Jim Bludso


1917

Film Details

Release Date
Feb 4, 1917
Premiere Information
not available
Production Company
Fine Arts Film Co.
Distribution Company
Triangle Distributing Corp.
Country
United States
Screenplay Information
Based on the poems "Jim Bludso of the Prairie Belle" and "Little Breeches" by John Hay in Pike County Ballads (Boston, 1871) and the play Jim Bludso by I. N. Morris (New York, 5 Jan 1903).

Technical Specs

Sound
Silent
Color
Black and White
Film Length
5 reels

Synopsis

At the end of the Civil War, engineer Jim Bludso, accompanied by his friend, Banty Tim, returns home to the town of Gilgal, and discovers that his wife Gabrielle has deserted him and their son Breeches for another man. Jim is welcomed by Kate Taggart, the village storekeeper's daughter, and their attachment deepens until Gabrielle returns after being deserted by her paramour, and Jim forgives her for their son's sake. Meanwhile, Ben Merrill, an unscrupulous contractor who has built the town levee, fears that the structure will not hold the coming flood waters. Merrill destroys the levee and attempts to place the blame on Jim and Banty Tim. In the flood, Gabrielle is killed, but before dying, she exposes Merrill as the man for whom she had deserted her home. This information reaches Jim when he and Merrill are aboard the boat The Prairie Bell . In the ensuing fight, the ship catches fire and explodes. Rescued from the debris by Banty Tim, Jim marries Kate and begins a new life.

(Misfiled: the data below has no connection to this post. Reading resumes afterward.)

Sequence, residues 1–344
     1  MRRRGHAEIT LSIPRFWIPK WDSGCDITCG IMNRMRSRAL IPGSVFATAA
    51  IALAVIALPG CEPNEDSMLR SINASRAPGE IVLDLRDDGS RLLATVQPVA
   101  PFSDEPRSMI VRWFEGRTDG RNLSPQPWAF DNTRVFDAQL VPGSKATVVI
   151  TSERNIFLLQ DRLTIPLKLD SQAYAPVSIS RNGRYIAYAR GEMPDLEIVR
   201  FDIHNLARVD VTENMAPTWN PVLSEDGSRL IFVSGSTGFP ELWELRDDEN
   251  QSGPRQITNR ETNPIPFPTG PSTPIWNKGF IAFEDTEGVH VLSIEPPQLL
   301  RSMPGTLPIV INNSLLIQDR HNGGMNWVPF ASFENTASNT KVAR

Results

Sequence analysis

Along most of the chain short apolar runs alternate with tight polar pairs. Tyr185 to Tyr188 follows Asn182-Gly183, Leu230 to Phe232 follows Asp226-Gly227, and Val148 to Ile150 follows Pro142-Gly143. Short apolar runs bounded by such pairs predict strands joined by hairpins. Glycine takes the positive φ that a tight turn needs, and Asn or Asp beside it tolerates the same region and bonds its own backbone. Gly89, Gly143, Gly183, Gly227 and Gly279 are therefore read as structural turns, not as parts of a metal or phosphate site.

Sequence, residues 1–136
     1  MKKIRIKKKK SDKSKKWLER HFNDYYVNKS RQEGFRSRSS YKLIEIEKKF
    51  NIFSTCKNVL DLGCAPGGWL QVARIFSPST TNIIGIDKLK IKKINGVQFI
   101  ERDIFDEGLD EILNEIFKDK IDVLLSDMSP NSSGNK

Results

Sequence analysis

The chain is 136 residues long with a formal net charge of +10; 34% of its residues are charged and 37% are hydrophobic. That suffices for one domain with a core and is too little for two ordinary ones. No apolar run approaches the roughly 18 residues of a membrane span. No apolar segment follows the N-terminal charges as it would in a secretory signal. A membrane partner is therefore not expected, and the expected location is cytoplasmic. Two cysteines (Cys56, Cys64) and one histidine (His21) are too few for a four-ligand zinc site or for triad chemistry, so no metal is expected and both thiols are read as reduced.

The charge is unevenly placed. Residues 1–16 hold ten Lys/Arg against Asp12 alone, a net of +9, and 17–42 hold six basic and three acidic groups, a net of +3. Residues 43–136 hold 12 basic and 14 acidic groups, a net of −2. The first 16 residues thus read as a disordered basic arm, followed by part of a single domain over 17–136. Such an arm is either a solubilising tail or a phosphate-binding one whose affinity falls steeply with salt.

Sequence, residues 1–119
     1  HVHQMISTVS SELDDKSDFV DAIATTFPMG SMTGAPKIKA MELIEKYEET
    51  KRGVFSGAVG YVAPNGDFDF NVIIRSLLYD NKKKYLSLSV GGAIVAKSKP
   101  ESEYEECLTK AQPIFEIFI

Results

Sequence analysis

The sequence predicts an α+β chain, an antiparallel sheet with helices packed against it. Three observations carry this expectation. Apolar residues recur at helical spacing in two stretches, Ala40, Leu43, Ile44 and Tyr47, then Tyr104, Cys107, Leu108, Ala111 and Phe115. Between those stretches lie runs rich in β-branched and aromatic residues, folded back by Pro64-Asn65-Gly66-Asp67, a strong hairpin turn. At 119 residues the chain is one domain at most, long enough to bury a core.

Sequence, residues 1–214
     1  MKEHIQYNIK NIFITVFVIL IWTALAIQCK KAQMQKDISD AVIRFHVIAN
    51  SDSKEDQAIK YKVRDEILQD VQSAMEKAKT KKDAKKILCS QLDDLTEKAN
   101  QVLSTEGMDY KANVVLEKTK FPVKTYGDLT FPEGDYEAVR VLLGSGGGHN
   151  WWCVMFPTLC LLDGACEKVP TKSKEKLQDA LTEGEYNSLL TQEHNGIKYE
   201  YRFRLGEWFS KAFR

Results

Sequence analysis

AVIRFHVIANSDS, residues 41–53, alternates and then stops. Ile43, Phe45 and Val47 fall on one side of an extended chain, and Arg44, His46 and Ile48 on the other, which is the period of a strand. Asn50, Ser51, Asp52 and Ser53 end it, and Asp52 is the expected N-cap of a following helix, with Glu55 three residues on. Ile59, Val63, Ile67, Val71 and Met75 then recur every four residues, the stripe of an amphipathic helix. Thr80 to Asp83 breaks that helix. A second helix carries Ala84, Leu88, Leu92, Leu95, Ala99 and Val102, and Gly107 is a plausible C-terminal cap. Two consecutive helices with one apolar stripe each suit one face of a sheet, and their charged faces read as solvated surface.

Film Details

Release Date
Feb 4, 1917
Premiere Information
not available
Production Company
Fine Arts Film Co.
Distribution Company
Triangle Distributing Corp.
Country
United States
Screenplay Information
Based on the poems "Jim Bludso of the Prairie Belle" and "Little Breeches" by John Hay in Pike County Ballads (Boston, 1871) and the play Jim Bludso by I. N. Morris (New York, 5 Jan 1903).

Technical Specs

Sound
Silent
Color
Black and White
Film Length
5 reels

Quotes

Trivia

Notes

John Hay was the Secretary of State under William McKinley and Theodore Roosevelt. Some contemporary sources credit Browning as the sole director, while others give Browning and Lucas joint credit; one credits Browning as director and Lucas as co-director. Scenes from the film were shot in San Francisco, Rio Vista and Nigger Clough, CA.